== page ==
"These are my flower beds over here," she said. "I had tomatoes and cucumbers and cabbage. I'm just a normal person. I'm just normal. I go to work every day. I come home. I cook. I take care of my mom."
But the 53 year old grandmother of six is also an internet sensation. Chances are you've probably seen the YouTube video of a Fox 26 newscast in which a Lancelin offered a very heated opinion on the possibility of using an abandoned building in her neighborhood to shelter some of the unaccompanied, undocumented immigrant children crossing our southern border.
"Stop playing around. This is ridiculous," she is heard yelling on the video clip. "All these kids? Really? Why can't they go back?"
The interview was given as Lancelin decided to crash a tour of what used to be Terrell Middle School. It's now an empty building a few streets down from the house where Lancelin grew up, the house marked with the names of all her brothers and sisters.
"My dad let me do that," she said, as she pointed to the long list of names. "He let me write on the concrete when they poured it. I thought that was so cool."
It's also the foundation for her fury. Terrell was her school.
Now it's under consideration to house some of the unaccompanied, undocumented children at the center of an international crisis that's projected to cost billions of dollars. It's not that she doesn't like children. She just doesn't want them here at the expense of her children and grandchildren.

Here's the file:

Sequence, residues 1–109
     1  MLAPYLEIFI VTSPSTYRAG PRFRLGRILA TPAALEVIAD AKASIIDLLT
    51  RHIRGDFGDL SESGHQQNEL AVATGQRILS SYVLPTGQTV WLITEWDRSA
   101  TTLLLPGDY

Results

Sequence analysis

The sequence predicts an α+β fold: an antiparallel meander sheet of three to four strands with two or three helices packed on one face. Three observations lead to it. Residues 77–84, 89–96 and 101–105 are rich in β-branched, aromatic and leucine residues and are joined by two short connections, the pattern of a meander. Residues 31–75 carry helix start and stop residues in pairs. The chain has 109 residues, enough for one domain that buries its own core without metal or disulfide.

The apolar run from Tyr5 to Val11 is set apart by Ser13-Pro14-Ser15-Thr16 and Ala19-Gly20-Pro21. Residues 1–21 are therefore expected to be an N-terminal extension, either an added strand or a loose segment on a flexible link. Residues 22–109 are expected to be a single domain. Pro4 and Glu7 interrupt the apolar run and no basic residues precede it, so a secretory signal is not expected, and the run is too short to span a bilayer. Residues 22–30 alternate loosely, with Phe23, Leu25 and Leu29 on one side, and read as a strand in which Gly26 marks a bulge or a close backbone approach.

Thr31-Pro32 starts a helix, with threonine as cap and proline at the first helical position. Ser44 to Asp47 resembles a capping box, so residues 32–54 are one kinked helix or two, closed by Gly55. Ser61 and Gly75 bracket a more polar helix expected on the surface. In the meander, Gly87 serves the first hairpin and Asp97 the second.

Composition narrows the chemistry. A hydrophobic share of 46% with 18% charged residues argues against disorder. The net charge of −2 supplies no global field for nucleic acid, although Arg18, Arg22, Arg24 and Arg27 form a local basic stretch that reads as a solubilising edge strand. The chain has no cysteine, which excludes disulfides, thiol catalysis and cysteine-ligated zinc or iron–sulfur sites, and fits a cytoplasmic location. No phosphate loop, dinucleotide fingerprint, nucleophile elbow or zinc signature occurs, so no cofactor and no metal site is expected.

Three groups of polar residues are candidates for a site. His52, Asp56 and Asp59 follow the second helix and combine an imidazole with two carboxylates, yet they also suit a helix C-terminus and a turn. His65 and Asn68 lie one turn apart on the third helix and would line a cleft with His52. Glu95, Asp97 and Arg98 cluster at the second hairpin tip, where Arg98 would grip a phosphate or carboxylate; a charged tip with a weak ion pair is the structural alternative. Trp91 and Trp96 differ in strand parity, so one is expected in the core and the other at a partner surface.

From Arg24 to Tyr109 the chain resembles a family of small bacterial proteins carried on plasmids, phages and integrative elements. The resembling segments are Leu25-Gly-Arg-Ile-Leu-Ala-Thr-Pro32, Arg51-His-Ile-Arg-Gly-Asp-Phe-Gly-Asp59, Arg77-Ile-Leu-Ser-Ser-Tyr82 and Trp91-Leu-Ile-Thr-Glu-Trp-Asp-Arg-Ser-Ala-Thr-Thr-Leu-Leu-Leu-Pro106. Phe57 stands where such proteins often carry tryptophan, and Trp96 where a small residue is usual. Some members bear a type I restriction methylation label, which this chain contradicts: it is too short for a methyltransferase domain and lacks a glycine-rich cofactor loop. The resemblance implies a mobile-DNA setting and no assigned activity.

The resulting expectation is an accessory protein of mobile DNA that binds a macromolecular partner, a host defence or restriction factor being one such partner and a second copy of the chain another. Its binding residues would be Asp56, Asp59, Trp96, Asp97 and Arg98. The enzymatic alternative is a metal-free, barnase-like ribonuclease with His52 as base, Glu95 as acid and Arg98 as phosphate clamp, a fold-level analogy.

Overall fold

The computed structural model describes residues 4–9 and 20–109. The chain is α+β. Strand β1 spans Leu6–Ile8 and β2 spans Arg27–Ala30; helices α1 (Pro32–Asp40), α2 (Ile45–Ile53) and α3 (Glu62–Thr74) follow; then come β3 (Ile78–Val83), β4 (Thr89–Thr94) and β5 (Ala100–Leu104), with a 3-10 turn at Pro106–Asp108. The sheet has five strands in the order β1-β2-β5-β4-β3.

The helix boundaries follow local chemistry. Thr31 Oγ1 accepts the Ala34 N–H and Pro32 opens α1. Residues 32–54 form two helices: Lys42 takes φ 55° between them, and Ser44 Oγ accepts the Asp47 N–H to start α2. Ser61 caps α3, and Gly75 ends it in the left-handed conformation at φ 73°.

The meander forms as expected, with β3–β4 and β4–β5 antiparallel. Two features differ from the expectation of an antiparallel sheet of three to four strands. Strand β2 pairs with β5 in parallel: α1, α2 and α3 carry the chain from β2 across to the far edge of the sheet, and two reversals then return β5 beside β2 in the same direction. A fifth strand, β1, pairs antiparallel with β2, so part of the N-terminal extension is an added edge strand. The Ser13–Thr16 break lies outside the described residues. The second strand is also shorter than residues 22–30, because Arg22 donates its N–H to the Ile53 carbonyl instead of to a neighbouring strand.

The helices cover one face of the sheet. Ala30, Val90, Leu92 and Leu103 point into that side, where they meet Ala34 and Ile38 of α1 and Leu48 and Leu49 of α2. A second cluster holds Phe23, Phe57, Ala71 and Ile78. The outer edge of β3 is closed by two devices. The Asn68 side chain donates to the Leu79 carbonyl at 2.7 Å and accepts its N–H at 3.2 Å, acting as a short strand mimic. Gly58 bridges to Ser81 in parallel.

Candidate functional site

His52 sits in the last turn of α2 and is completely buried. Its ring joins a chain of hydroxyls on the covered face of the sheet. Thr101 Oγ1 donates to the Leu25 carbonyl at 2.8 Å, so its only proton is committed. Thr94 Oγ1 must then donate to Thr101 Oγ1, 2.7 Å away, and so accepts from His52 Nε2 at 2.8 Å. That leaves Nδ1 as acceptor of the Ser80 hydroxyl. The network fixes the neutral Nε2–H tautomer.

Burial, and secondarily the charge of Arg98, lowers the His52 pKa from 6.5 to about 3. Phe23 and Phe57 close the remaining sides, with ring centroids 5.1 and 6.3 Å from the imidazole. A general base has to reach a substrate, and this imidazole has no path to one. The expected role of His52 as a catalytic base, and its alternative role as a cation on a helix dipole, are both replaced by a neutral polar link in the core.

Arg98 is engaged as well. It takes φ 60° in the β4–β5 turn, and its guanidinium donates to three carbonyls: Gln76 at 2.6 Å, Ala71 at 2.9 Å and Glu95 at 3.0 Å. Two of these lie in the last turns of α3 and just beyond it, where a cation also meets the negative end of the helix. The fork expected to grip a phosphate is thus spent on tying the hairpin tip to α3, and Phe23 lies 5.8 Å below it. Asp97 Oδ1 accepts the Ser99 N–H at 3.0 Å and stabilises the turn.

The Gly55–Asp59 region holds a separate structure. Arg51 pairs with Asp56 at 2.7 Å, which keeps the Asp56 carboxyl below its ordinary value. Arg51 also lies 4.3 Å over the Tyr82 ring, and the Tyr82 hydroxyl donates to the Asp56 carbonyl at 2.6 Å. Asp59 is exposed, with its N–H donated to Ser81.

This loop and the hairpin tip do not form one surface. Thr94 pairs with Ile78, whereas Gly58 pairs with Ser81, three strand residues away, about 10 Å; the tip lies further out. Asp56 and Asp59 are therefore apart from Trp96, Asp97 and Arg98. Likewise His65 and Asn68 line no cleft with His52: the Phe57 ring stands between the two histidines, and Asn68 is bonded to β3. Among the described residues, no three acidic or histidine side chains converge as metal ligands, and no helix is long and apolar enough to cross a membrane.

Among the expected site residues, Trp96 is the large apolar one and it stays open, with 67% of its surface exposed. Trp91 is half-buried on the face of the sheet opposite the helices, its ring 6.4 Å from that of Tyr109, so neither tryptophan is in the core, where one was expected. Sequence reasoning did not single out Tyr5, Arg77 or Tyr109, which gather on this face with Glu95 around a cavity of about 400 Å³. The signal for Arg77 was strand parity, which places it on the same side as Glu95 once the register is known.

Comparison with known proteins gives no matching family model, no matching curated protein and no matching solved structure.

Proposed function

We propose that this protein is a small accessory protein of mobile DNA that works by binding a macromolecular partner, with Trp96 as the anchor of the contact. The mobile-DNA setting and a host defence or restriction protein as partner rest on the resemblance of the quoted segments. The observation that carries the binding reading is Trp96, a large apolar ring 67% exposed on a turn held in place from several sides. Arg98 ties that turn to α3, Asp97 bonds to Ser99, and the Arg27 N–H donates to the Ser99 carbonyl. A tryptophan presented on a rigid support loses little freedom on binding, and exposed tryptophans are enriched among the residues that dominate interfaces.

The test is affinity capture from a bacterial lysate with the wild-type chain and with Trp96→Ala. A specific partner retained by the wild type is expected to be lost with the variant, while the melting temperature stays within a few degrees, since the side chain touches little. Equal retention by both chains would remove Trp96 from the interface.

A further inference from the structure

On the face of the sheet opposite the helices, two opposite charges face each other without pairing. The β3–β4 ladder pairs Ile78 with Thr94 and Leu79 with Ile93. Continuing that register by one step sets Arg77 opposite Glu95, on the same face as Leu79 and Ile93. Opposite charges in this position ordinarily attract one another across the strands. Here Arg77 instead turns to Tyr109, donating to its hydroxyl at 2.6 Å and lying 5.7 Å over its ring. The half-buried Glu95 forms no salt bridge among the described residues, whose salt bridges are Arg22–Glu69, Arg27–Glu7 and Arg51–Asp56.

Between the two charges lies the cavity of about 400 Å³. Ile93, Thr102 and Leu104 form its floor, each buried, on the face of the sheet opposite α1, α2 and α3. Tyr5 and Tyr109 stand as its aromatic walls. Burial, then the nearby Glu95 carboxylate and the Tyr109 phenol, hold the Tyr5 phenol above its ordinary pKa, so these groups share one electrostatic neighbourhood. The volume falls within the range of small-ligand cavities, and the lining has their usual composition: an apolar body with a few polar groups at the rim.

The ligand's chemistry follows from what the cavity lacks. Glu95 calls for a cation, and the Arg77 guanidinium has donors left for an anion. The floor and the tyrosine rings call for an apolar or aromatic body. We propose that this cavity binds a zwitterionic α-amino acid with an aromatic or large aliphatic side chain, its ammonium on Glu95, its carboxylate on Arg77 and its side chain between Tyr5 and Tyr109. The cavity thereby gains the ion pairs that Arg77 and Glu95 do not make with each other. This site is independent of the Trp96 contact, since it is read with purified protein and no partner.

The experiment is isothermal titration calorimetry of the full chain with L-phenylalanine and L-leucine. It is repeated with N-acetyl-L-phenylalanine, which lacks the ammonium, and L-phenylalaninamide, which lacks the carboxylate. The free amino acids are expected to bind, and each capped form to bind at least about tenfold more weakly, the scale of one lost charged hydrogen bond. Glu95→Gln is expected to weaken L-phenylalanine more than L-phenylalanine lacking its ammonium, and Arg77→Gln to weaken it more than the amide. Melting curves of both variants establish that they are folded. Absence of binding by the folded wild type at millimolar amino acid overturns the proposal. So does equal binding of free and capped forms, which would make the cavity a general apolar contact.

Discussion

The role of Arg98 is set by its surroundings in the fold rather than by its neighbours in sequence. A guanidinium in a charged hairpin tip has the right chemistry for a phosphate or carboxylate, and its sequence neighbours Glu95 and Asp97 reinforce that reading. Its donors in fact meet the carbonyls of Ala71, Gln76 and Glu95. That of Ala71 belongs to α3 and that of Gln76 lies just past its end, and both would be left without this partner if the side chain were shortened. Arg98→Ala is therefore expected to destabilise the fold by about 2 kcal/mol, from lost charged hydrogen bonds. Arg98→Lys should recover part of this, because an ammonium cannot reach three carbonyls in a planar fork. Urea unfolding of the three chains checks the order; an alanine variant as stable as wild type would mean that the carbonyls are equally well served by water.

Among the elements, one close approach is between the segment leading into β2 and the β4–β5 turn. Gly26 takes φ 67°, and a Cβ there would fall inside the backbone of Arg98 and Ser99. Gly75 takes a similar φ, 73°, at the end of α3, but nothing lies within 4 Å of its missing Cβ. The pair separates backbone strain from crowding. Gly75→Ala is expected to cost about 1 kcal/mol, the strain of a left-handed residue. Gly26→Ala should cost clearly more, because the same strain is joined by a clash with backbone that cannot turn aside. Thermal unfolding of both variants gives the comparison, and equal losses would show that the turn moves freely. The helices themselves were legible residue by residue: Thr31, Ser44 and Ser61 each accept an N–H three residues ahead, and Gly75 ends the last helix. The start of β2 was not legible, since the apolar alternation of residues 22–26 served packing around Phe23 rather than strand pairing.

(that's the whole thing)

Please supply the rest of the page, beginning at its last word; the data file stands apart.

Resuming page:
"(My grandson) Lawrence wanted to know why he couldn't play on that basketball court at Terrell because the gates were locked," she said. " That's an issue for me. And then this happened. So that's why, Lawrence. You can't go over there because they're trying to put 800 illegal immigrants over there, baby, and let them play on it instead of you playing on it. I'm a homeowner. This is my home. This is my family's home. We'll always be here. The taxes are paid, and they're up to date."
But the schools are gone.
So is the community swimming pool, and the neighborhood grocery store, which was run by her Lancelin's mother, a woman known to the children in the community as Ms. Nora. She opened the store in 1978. Her 'cool cups', basically frozen Kool-Aid, were popular, especially on hot summer days.
"I did so good," she said with a smile. " I saved my money and my son said, 'buy me a tractor, momma.' So I bought the boy a tractor. And that's how he learned to drive. And those cool cups paid it off. Twenty five cents (a cup), but that was a lot of money."
Business was good. The neighborhood children loved Ms. Nora, who is now 83 years old.
"But my husband got sick, and I had to close the store down because the children," she said. "I had three children at Terrell at the time, and no one to take care of them. So I closed it up, thinking he would get better, but he passed away. I didn't really know how tired I was until he did, and I refused to open back up."
Someone in the neighborhood still makes those 'cool cups.' Lawrence's friends brought some over to enjoy while a group of children bounced on a large trampoline in Lancelin's backyard.
"Let me see your cool cup baby, come here," Lancelin said.
A little boy who answered questions with a " yes, ma'am" handed her his cup without questioning her.
"Cool cup," she said before quickly handing it back to the boy.
"It's a low income neighborhood, but I'm glad to be here," she said. " I'm glad that I did what I did last week so I can help these babies. Everybody wants something better for their child. And that's all this is about. (We need) something better for our kids first. We take care of home first. We can't take care of everybody's child."